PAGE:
You don’t see this kind of insanity every day

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Our mates over at Hyundai Australia must have a lot of time on their hands. A year after building a one-off convertible Santa Fe that was pretty much a standard Santa Fe with its roof chopped off, Hyundai Australia outdid itself this time by rolling out a full N-spec iMax passenger van. Known as the Starex in other global markets — it’s not sold in the U.S. — the iMax N isn’t your typical passenger van. It comes with a completely different engine, a limited-slip differential, and a dual-mode active exhaust system that you normally find in models like the i30 N and the U.S.-spec Veloster N. Obviously, Hyundai Australia wouldn’t go through these lengths to create an N-spec iMax passenger van if it didn’t have plans to have fun with it. Well, it did have fun with it. A lot of fun.

I’ll admit it. At first, I didn’t know what Hyundai Australia’s plans were for the N-spec iMax. I initially thought it was a science experiment of sorts, a way to infuse Hyundai N into something — in this case, a passenger van — that nobody would’ve expected. But as I learned more about it, that’s when it became clear. This isn’t your typical Hyundai iMax van. It’s not even your not-so-typical iMax N van.

This is the Hyundai iMax N Drift Bus, an eight-seater, rear-wheel-drive passenger van that’s as happy to go sideways on the race track as it is shuttling your kids to football practice.

You can tell by the way it looks that the iMax N Drift Bus is different. How often do you see a family-oriented vehicle wearing a body kit and a set of 19-inch wheels that look like they were taken straight out of the i30 N. It doesn’t just end there. The iMax N Drift Bus is also dressed in the same Performance Blue paint finish that most of Hyundai’s N vehicles come in. Inside, the van comes with a unique steering wheel, leather and suede upholstery, and front sports seats. Yes, sports seats. In a van. If that doesn’t give you hints of what to expect with this ride, perhaps you can look at its engine.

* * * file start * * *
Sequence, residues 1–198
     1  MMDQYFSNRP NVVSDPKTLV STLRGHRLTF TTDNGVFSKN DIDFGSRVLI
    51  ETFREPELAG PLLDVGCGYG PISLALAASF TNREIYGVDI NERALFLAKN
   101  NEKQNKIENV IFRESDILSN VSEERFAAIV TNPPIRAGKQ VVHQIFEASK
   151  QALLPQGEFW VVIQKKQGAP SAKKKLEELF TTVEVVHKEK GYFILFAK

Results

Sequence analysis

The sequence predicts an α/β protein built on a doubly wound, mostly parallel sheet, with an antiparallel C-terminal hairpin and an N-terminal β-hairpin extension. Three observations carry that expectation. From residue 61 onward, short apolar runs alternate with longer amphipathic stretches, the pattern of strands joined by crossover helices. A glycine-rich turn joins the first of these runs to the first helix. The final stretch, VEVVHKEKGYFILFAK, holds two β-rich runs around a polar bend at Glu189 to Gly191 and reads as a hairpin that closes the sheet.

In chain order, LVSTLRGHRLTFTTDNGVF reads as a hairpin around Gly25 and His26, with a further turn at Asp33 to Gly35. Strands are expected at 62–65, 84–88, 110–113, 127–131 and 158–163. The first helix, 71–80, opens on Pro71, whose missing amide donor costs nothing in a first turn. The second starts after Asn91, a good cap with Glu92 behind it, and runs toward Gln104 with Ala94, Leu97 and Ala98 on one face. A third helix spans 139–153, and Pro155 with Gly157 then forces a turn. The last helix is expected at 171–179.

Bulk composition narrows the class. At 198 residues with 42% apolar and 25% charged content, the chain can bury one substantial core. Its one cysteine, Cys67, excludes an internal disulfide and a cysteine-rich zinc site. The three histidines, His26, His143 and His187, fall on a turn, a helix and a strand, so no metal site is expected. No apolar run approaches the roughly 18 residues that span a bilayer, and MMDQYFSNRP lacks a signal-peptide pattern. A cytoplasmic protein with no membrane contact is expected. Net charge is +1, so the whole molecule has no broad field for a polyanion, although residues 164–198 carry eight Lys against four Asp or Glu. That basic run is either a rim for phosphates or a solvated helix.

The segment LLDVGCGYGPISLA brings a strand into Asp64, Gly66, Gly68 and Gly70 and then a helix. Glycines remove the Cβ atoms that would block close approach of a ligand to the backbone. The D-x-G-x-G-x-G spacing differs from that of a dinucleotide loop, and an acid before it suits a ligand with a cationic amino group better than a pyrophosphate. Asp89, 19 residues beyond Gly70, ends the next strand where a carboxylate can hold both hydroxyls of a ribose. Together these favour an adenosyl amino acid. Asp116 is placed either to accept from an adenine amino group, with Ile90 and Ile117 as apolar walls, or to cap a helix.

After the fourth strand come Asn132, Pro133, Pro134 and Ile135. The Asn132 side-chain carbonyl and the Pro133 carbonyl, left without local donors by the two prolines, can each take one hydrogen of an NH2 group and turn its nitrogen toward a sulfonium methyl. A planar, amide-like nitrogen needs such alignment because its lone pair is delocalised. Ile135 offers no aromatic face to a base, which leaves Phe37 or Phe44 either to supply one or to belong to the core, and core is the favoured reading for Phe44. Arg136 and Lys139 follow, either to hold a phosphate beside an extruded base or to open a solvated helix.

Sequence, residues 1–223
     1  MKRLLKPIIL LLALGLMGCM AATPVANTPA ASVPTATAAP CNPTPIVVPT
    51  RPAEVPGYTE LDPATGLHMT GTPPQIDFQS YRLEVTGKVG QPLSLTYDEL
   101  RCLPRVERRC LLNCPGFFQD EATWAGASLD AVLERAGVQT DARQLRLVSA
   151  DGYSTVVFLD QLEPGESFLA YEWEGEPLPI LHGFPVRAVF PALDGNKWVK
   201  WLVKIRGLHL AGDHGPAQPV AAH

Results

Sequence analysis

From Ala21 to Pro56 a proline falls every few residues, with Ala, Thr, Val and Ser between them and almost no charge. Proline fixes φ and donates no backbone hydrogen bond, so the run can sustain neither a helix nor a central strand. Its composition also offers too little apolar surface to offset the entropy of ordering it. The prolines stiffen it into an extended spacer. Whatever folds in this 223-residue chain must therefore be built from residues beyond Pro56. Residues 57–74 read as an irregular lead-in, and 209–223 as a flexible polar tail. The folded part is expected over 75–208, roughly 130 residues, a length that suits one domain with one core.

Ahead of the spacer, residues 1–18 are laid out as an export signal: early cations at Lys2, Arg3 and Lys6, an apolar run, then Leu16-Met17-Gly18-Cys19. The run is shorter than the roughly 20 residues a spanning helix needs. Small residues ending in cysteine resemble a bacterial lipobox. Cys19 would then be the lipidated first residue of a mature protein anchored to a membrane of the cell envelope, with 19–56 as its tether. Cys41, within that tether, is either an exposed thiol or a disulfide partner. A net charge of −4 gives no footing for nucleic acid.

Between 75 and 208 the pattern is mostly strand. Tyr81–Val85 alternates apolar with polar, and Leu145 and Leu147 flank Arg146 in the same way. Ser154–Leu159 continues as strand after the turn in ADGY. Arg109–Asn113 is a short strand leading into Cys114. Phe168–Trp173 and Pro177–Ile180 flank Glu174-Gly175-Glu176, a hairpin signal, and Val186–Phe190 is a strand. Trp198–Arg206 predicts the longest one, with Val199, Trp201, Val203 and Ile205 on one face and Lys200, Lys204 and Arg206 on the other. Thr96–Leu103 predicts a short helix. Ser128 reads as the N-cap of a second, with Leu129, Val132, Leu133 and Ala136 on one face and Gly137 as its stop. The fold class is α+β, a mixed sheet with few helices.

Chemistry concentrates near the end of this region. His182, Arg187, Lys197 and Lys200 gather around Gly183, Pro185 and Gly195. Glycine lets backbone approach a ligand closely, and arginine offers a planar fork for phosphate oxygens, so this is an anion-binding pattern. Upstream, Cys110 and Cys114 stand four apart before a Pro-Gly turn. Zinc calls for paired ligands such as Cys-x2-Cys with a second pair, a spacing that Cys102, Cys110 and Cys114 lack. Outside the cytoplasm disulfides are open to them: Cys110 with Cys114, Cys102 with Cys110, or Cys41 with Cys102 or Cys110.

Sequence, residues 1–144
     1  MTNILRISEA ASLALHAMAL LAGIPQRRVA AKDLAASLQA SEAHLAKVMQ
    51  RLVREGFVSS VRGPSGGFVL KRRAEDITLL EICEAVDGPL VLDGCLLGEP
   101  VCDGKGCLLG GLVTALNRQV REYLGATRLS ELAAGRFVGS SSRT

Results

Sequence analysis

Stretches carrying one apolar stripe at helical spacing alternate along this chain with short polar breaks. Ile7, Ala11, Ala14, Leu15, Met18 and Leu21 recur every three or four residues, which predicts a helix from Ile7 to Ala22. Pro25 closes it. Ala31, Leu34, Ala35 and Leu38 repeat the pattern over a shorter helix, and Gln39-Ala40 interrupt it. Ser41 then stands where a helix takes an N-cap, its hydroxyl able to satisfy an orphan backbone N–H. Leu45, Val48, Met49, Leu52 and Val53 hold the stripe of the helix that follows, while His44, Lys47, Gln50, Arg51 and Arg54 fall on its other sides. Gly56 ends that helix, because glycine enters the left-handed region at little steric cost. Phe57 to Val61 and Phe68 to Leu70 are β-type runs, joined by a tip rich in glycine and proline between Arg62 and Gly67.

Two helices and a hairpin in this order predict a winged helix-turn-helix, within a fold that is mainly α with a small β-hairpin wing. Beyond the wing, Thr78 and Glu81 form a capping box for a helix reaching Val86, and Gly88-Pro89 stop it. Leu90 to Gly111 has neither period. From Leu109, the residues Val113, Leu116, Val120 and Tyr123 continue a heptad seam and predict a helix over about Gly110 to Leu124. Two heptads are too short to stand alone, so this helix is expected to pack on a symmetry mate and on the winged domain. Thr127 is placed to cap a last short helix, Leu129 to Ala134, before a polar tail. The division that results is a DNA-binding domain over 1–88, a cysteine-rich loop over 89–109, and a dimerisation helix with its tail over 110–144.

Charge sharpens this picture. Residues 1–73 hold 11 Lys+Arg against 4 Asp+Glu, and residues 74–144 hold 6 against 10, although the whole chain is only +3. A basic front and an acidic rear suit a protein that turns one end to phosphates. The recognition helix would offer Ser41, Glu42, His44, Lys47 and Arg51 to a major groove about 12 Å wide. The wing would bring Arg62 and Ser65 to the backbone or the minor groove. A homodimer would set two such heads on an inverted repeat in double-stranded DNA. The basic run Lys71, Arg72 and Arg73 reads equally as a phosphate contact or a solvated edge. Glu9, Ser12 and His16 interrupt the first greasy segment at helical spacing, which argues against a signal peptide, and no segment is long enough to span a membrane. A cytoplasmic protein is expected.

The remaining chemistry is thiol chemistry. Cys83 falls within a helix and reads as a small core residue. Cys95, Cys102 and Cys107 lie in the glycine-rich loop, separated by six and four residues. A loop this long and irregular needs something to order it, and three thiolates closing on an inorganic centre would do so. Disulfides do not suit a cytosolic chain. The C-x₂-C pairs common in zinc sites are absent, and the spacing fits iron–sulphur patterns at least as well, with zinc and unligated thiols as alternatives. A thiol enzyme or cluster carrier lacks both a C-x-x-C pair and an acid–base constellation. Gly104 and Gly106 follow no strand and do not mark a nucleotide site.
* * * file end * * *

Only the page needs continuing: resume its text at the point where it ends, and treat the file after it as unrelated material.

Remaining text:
Only Australians Would Build a Hyundai IMax N Drift Van, But We're So Glad They Did
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Gone is the iMax’s standard 2.5-liter turbodiesel I-4 engine. In its place is a 3.5-liter twin-turbo V-6 engine that produces 402 horsepower and 409 pound-feet of torque.

Throw in an eight-speed automatic transmission that Hyundai Oz developed in-house and sends power to the two rear wheels and a limited-slip differential, and you have a tail-happy — it doesn’t have one, but bear with me — passenger van that can burn rubber like a veteran drift car.

Hyundai IMax N Drift Van specifications
Engine 3.5-liter twin-turbo V-6 engine
Horsepower 402 HP
Torque 409 Lb-FT
Transmission eight-speed automatic
0 to 100 km/h <5 seconds
Only Australians Would Build a Hyundai IMax N Drift Van, But We're So Glad They Did
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In the event that you remain skeptical of what the iMax N Drift Bus is capable of, go ahead and watch this video provided by Hyundai Australia. There’s a good chance that you’re going to want one after watching it. Unfortunately, that’s not going to happen because the one-off iMax N Drift Bus isn’t headed to production anytime soon. It will, in all likelihood, join the one-off Santa Fe Cabriolet wherever it is that Hyundai Australia stored it.

Kirby Garlitos
Automotive Aftermarket Expert -
Kirby’s first exposure into the world of automobiles happened when he caught Knight Rider on television as a five-year old boy. David Hasselhoff didn’t leave much of an impression on him (that happened later on in Baywatch), but KITT certainly did. To this day, Kirby remains convinced that he will one day own a car with the same ‘spirit’ as the original KITT (not the 2008 monstrosity). He doesn't know when that will be, but until then, he’s committed to expressing his love for KITT, and all cars for that matter, here at TopSpeed.  Read More
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